Confidence enhanced performance? – The causal effects of success on future performance in professional golf tournaments
Olof Rosenqvist and
Journal of Economic Behavior & Organization, 2015, vol. 117, issue C, 281-295
This paper provides field evidence on the causal impact of past successes on future performances. Since persistence in success or failure is likely to be linked through, potentially time-varying, ability it is intrinsically difficult to identify the causal effect of succeeding on the probability of performing well in the future. We therefore employ a regression discontinuity design on data from professional golf tournaments exploiting that almost equally skilled players are separated into successes and failures half-way into the tournaments (the “cut”). We show that players who (marginally) succeeded in making the cut substantially increased their performance in subsequent tournaments relative to players who (marginally) failed to make the cut. This success-effect is substantially larger when the subsequent (outcome) tournament involves more prize money. The results therefore suggest that past successes provide an important prerequisite when performing high-stakes tasks.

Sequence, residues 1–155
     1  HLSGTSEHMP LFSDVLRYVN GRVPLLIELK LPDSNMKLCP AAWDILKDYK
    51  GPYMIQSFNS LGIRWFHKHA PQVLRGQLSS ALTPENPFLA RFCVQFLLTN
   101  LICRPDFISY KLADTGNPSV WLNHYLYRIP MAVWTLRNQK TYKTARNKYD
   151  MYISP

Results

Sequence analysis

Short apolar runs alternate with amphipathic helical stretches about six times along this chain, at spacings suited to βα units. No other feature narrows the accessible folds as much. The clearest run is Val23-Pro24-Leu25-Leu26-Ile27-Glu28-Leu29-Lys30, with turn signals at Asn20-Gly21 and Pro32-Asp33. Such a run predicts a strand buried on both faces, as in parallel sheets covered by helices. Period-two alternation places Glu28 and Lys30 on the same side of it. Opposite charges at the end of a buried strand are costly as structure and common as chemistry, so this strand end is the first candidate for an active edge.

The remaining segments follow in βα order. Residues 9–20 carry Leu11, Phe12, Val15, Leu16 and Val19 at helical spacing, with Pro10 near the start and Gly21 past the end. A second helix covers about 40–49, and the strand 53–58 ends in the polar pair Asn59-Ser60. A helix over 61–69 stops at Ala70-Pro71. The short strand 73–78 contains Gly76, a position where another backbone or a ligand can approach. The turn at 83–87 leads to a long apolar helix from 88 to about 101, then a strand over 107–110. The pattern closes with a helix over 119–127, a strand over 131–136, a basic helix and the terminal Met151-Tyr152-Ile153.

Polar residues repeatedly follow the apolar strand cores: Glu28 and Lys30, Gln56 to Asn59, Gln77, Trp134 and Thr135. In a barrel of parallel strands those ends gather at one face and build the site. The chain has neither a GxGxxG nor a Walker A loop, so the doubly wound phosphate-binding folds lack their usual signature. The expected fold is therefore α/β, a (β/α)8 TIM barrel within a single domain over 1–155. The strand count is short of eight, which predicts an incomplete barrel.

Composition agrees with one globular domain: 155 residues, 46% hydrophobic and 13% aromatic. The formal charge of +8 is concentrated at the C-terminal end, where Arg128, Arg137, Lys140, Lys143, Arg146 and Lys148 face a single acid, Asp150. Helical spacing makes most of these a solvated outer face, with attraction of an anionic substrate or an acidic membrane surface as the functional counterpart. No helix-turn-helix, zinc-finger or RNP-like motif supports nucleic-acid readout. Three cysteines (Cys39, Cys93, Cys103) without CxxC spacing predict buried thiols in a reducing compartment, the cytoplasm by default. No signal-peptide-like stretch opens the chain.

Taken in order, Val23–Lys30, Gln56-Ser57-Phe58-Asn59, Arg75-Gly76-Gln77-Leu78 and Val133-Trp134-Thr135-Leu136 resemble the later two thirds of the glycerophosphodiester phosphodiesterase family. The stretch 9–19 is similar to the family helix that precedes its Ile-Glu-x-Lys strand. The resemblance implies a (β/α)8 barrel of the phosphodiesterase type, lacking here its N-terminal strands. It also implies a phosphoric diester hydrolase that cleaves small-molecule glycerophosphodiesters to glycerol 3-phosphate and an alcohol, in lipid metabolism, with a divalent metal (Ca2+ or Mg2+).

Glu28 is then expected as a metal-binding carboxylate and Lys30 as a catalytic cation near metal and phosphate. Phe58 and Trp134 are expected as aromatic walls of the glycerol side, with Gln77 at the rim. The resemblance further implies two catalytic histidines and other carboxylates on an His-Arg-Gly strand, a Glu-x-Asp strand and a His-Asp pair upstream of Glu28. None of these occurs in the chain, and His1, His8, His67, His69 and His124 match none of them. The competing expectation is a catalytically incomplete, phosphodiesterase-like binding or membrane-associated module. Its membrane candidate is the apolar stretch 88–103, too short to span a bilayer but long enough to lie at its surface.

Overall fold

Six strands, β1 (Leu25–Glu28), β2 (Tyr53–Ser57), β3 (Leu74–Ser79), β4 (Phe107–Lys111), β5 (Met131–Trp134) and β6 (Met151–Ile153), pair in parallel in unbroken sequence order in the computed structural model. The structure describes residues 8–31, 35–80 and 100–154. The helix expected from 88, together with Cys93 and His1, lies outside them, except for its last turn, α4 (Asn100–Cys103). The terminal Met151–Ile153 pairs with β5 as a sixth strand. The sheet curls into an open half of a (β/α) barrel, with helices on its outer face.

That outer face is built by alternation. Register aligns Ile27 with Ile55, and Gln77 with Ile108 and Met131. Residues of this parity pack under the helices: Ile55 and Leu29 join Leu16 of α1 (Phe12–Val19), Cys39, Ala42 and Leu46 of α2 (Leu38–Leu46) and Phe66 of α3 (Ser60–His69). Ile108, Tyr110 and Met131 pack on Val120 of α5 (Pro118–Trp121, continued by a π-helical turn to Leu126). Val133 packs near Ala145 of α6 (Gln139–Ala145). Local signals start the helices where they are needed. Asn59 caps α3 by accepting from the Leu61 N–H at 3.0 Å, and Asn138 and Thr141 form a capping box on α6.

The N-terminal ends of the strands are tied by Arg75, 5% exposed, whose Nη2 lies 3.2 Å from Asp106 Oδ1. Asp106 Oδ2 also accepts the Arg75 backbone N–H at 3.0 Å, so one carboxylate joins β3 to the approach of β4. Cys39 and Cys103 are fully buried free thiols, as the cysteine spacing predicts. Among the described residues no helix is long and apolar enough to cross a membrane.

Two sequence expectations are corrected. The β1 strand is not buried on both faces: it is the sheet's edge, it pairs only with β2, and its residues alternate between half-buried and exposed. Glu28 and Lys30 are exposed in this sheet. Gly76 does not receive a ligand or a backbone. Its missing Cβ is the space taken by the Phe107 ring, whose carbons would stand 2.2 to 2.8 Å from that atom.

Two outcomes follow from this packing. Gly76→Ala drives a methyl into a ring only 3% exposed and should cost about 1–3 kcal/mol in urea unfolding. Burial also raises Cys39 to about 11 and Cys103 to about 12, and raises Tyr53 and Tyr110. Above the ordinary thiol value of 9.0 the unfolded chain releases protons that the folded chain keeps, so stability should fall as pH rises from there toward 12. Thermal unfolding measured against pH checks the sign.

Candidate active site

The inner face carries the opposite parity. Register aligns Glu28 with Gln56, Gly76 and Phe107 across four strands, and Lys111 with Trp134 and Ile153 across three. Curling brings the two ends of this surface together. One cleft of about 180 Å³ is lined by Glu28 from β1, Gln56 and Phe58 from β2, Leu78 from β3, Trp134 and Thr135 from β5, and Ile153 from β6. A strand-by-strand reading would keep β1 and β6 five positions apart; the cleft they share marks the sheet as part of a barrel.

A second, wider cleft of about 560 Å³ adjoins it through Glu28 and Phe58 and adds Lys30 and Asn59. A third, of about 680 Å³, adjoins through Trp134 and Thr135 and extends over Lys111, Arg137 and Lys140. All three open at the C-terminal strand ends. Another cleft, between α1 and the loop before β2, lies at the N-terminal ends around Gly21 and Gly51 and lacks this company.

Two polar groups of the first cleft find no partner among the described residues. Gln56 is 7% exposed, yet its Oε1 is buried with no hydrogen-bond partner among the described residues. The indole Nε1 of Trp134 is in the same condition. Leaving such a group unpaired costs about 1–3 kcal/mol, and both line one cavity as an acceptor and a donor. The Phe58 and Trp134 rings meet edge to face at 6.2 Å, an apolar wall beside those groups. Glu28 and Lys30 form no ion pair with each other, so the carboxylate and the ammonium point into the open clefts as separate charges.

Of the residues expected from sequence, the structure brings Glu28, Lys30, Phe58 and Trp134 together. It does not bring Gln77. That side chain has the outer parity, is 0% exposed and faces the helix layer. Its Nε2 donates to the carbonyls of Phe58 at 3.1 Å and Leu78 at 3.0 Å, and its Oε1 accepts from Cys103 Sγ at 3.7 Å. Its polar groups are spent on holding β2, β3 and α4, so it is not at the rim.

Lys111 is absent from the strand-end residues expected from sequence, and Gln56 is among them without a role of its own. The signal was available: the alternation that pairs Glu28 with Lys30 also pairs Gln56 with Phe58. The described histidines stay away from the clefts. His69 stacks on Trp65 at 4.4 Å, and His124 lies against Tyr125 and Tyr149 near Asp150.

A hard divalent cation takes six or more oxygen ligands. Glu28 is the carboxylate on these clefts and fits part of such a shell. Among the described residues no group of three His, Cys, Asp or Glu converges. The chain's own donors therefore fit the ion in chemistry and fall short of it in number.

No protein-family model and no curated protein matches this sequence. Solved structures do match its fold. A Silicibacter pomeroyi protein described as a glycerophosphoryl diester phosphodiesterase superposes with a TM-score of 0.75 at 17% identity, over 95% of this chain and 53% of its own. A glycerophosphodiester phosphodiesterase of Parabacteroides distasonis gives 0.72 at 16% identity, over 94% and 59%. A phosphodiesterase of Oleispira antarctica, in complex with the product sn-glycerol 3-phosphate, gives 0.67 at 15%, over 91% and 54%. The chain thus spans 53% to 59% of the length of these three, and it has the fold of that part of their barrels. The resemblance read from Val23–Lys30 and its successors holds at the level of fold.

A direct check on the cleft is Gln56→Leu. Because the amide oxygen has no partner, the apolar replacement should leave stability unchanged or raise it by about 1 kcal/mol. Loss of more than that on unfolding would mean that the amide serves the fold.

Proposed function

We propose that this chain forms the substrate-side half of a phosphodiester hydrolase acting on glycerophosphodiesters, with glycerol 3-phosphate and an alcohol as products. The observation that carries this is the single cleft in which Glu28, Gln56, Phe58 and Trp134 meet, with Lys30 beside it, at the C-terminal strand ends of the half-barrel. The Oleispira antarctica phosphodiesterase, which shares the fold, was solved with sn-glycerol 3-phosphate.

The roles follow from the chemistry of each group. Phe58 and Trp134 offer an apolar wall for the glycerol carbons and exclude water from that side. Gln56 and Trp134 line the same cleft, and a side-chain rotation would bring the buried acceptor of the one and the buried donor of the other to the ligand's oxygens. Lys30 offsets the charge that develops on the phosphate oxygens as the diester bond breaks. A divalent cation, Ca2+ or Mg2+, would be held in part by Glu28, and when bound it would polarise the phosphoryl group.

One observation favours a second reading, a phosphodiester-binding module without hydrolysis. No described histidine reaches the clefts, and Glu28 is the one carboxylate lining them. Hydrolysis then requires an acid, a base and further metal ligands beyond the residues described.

Keywords: Confidence; Success; Performance; Hot hand; Regression discontinuity design; Golf (search for similar items in EconPapers)
JEL-codes: J24 L83 C93 M50 (search for similar items in EconPapers)
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Persistent link: https://EconPapers.repec.org/RePEc:eee:jeborg:v:117:y:2015:i:c:p:281-295
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